(UR) Libya — On Monday, the Department of Defense held a press conference in which Pentagon Press Secretary Peter Cook disclosed to reporters that the United States military — at the request of the officially recognized governing body of Libya, the Government of National Accord (GNA) — has begun a campaign of precision airstrikes on ISIL targets inside the northern city of Sirte.
“GNA-aligned forces have had success in recapturing territory from ISIL thus far around Sirte,” Cook stated at the briefing, “and additional U.S. strikes will continue to target ISIL in Sirte in order to enable to GNA to make a decisive, strategic advance.”
The GNA is the interim government created by the U.N. and installed back in March in an effort to combat the instability, infighting — both political and military — and all-around chaos that have engulfed Libya in the years following the U.S. intervention in 2011.
That intervention resulted in the death of leader Muammar Gaddafi and forced his family to flee to neighboring regions. One son, however, was captured by rebels in the southern desert of Libya. He was subsequently convicted of war crimes and sentenced to death by a Tripoli court.
But none of that is news. Gaddafi’s reign is long over and his son was sentenced over a year ago. As for the turmoil within Libya, it continues unabated, but with no major shifts to report on — save for one.
A WEAKENING ISIL IN LIBYA
Two weeks ago, Chairman of the Joint Chiefs of Staff Joe Dunford — one of the two men who recommended Monday’s airstrikes against ISIL —stated at a press conference he is “encouraged by developments” regarding ISIL in Libya.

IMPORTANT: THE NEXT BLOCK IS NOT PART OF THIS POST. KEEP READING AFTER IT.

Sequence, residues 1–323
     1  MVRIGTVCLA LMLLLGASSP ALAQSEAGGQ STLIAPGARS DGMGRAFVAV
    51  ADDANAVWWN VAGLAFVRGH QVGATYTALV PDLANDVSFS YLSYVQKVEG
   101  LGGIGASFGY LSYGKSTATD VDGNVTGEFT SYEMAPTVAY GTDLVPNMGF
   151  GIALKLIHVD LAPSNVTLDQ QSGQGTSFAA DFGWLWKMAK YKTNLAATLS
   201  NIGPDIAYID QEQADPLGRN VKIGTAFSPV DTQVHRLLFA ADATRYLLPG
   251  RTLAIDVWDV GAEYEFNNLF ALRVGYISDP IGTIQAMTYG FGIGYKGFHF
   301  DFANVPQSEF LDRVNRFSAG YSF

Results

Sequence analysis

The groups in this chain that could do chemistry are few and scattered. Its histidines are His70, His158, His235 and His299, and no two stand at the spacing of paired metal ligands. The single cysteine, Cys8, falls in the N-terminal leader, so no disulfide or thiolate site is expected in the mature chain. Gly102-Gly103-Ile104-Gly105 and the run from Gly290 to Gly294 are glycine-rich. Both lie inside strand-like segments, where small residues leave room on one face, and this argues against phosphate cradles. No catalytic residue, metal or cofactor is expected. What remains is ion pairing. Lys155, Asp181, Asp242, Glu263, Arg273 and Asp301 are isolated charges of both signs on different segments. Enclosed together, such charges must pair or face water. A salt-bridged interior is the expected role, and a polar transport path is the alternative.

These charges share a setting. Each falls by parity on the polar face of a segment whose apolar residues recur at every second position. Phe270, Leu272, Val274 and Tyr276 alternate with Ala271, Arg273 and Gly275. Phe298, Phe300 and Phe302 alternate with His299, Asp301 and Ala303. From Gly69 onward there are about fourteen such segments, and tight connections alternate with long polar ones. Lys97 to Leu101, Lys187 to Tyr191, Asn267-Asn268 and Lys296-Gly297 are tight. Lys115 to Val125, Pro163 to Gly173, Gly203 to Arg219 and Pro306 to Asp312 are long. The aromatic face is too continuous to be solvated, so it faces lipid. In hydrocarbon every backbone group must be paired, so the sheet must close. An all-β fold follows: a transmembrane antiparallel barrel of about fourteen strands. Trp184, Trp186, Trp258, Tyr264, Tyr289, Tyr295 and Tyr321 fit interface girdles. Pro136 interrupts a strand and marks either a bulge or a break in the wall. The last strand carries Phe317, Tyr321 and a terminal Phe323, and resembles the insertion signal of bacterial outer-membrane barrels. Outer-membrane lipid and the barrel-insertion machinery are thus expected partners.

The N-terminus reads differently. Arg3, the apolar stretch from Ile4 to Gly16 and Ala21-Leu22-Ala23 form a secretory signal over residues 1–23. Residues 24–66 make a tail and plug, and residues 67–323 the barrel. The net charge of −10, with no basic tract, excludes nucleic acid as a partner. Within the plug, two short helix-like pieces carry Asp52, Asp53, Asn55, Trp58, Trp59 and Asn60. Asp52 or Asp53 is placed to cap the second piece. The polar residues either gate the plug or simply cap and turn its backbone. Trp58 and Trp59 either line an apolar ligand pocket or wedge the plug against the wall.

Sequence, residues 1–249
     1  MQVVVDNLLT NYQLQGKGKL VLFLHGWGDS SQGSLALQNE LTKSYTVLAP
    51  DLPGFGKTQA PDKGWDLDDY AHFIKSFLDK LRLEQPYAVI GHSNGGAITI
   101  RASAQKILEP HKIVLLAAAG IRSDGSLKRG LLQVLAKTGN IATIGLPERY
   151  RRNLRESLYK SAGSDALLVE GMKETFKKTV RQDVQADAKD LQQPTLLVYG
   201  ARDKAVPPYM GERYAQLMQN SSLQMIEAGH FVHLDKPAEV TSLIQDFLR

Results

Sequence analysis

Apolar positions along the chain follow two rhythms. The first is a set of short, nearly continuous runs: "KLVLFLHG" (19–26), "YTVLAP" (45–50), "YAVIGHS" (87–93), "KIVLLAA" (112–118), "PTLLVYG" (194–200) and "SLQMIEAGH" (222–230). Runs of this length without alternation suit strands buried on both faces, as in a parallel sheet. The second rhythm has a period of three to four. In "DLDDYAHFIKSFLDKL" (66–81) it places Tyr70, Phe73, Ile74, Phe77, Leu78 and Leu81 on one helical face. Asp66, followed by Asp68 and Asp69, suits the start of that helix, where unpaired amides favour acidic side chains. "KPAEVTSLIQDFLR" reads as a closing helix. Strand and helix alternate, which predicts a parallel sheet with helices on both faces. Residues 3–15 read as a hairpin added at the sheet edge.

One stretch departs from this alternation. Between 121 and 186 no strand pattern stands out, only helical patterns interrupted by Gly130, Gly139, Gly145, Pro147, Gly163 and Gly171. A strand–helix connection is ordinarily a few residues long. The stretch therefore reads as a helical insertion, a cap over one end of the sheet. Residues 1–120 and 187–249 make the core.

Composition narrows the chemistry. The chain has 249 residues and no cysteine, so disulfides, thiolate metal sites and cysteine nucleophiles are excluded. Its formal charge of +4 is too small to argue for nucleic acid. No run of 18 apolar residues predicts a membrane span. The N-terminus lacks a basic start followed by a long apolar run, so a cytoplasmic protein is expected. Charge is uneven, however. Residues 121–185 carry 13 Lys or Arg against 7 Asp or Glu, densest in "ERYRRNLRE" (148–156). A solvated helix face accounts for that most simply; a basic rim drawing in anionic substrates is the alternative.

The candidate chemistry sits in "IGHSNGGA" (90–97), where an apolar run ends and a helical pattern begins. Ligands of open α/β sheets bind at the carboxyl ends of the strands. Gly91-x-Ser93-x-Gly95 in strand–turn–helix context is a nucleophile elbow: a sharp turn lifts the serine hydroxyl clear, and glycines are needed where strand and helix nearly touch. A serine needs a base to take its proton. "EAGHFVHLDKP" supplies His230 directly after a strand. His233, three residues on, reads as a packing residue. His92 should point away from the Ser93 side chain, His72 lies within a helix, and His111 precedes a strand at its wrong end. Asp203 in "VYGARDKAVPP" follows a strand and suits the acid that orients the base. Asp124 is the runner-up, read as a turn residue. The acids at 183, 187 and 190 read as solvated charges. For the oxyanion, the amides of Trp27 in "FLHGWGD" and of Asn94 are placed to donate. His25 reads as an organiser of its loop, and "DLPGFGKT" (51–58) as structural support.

He went even further, however:
“I don’t think that there’s any doubt that the Islamic State in Libya is weaker than it was some months ago; there’s no question about it.”
Additionally, he stated that ISIL’s numbers in Sirte — the very city targeted in the recent airstrikes — have been reduced to just a few hundred.
Given this information, some reporters at Monday’s press briefing felt obliged to ask a very simple question: Why now?
“Could you give us a sense of ‘Why now?,’” one journalist asked Press Secretary Cook, further inquiring as to whether there was “something critical about Sirte right now that the airstrikes could be a game changer?”
Cook responded: “I think what’s changed right now is the specific requests we got from the GNA.”
Which doesn’t answer the question.
Cook would give similarly deflective answers to similarly direct questions regarding timing throughout the briefing. Worse, he refused to divulge details about how those requests were being vetted by the U.S. before agreeing to strike.
LEGAL AUTHORIZATION FOR THE STRIKES
The airstrikes were approved by President Obama, Cook said, and came at the recommendation of Defense Secretary Ash Carter and Chairman Dunford.
When asked about the legal authority under which the strikes are being conducted, Cook cited the 2001 Authorization for the Use of Military Force (AUMF), a resolution passed in the immediate aftermath of 9/11, which gave then-President Bush broad discretion in how he went after those responsible for the attack.
But the AUMF, which allows the president to sidestep the War Powers Resolution and send the military into other countries without congressional consent, has come under heavy fire from adherents to the Constitution. It was the AUMF that greenlit the Iraq War in 2003, for instance — not a declaration of war from Congress, as the Constitution requires.
Since that time, the resolution has been repeatedly invoked as justification to launch military campaigns in countries throughout the Middle East and Northern Africa. Where the terrorists go, so goes the War on Terror, essentially.
In fact, that’s pretty much how Senator Lindsey Graham summed it up during a 2013 hearing before the Senate Armed Services Committee, where he stated his opinion that “the battlefield is anywhere the enemy chooses to make it.”